Until Sat Nov 10 2012
Time Out rating:
Time Out says
Thu Apr 14 2011
Now in its second decade at the Phoenix Theatre, Willy Russell's 'Blood Brothers' is one of our country's foremost MOR institutions. The archetypal 'weepie', it lives off weekly infusions of coached-in tourists and school kids.
Yet for all its intrinsic naffness, 'Blood Brothers' possesses a working class ire and regional pride that remains refreshing to this day. Certainly it's hard not to see a resonance with David Cameron's Britain as rough diamond Mickey (Stephen Palfreman) falls from grace, abandoned by a society uninterested in the poor. So that's nice. But with 'Billy Elliot' saying the same things more forcefully, there's surely only so much goodwill to extend towards 'Blood Brothers', a show that is, at the very least, desperately in need of a new score.
Set in and around a pair of Merseyside council estates, 'Blood Brothers' charts the entwined lives of twins Mickey and Eddie, separated at birth after their mother Mrs Johnstone gave Eddie up for adoption to a wealthy family. The early scenes of childish hijinks in a dilapidated Liverpool remain fresh, funny and pleasingly low key. But the book's earthiness is continually undercut by a lurid synthetic score that gets more inappropriate with each passing year.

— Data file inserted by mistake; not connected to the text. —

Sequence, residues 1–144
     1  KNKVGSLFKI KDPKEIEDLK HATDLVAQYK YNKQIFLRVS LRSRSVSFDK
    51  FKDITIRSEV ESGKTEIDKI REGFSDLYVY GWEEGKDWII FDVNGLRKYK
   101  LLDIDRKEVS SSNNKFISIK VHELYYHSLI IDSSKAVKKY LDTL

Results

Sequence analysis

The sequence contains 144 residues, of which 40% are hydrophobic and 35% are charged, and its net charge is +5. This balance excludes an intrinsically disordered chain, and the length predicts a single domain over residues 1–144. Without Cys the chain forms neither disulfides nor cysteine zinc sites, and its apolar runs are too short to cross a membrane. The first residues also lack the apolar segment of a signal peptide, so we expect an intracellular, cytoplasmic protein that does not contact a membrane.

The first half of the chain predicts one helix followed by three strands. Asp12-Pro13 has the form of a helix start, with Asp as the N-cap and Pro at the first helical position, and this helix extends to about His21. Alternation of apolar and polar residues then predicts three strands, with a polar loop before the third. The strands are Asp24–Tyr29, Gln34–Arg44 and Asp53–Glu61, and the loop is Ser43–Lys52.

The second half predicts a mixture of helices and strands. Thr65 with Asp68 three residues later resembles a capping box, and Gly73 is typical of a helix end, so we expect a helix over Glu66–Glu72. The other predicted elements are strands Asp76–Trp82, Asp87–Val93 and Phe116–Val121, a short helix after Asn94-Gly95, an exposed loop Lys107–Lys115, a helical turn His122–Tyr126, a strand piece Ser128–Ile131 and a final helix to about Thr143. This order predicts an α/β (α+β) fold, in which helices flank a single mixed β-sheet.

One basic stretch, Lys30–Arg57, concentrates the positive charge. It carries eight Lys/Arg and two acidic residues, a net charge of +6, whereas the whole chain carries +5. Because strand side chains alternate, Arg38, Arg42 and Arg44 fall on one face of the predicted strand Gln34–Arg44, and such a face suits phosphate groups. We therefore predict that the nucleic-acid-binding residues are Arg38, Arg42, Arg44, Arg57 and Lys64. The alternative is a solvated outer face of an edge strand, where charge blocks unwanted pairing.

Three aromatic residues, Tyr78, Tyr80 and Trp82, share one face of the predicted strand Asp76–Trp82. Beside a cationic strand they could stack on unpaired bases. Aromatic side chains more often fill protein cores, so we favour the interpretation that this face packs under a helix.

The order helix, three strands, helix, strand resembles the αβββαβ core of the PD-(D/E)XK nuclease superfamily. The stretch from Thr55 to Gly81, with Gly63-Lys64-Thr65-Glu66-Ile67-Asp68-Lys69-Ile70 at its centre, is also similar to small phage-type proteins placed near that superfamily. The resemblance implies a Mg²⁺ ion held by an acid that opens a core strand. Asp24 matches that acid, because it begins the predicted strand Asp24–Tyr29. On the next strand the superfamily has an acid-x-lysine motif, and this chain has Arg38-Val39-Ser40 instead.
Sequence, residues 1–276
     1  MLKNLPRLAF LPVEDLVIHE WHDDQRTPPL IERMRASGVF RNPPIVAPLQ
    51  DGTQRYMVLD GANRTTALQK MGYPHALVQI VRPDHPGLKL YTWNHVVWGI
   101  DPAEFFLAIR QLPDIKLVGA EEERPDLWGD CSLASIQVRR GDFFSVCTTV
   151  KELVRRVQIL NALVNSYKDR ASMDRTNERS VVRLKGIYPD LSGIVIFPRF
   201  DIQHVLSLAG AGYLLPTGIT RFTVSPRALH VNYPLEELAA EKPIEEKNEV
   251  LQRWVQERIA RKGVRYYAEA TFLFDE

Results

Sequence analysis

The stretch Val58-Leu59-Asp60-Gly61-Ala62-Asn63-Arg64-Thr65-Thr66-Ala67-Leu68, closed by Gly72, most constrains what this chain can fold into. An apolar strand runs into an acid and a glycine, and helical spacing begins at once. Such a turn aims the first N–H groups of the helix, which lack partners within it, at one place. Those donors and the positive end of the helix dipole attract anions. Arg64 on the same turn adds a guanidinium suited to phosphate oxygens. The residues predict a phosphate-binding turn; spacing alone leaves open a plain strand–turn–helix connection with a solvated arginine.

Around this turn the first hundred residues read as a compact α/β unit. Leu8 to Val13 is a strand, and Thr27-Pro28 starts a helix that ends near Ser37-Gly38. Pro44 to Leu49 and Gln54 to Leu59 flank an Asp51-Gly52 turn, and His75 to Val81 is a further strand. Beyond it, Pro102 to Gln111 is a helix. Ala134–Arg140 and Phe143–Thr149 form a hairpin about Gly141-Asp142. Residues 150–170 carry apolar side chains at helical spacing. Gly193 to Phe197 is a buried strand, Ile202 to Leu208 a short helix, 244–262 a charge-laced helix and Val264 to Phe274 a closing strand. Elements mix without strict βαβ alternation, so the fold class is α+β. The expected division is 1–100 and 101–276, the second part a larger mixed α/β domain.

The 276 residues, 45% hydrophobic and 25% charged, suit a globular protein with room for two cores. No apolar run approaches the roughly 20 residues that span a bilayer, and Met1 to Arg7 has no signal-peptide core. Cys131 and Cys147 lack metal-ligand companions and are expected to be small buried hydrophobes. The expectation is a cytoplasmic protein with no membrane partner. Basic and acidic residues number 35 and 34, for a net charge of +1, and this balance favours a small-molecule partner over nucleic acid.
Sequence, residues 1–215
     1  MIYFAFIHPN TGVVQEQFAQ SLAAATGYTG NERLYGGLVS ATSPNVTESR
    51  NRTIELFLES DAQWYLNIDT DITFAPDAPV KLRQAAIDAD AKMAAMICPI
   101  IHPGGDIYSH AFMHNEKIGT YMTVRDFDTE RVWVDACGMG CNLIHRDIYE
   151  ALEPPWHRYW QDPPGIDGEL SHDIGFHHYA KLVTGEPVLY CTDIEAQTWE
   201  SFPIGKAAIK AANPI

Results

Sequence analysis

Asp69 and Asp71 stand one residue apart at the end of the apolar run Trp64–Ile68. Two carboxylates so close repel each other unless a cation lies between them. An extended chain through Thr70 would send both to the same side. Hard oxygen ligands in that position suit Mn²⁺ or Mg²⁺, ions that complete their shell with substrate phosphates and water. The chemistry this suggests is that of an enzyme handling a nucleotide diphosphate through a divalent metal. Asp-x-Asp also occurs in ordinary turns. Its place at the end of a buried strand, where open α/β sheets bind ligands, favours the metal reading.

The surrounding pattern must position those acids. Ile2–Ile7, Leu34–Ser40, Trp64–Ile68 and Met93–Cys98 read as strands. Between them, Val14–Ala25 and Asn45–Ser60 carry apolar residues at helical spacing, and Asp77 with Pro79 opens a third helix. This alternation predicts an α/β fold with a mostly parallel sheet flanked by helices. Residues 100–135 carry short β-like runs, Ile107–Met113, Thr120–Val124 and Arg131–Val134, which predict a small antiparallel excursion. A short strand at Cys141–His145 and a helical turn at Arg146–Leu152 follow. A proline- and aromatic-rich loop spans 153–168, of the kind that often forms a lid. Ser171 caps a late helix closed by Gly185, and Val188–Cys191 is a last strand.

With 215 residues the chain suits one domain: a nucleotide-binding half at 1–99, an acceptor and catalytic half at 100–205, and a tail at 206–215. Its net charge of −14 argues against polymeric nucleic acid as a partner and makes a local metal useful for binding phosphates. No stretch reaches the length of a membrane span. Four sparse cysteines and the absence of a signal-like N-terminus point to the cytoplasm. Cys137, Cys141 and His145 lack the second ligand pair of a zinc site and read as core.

In 2009, erstwhile Spice Girl Melanie Chisholm (aka Sporty Spice) won plaudits for bringing fresh life to 'Blood Brothers' as Mrs Johnstone. I can see that: she has a powerful voice, capable of shearing through the score's gauche onslaught of sax, synths and pinging bass drums, restoring the likes of 'Marilyn Monroe' and 'Easy Terms' to torch song glory. Perhaps the show should have ended when she left: present Mrs Johnstone, Natasha Hamilton (formerly of Atomic Kitten), brings a homely sweetness to the role, but she doesn't have the charisma or lungs to shake 'Blood Brothers' back to full alertness.
Russell's book still charms in places, but it is sentimental and schematic, and lacks bite until the very end. And as an exploration of nature vs nurture, it's positively crude next to the author's 'Educating Rita', superbly revived by the Menier in 2010. It would be mean-spirited to suggest that a show that has brought pleasure to so many should be shelved for good. But this is a painfully dated production: its obstinate refusal to exit the '80s leaves book and cast mired down in needless kitsch.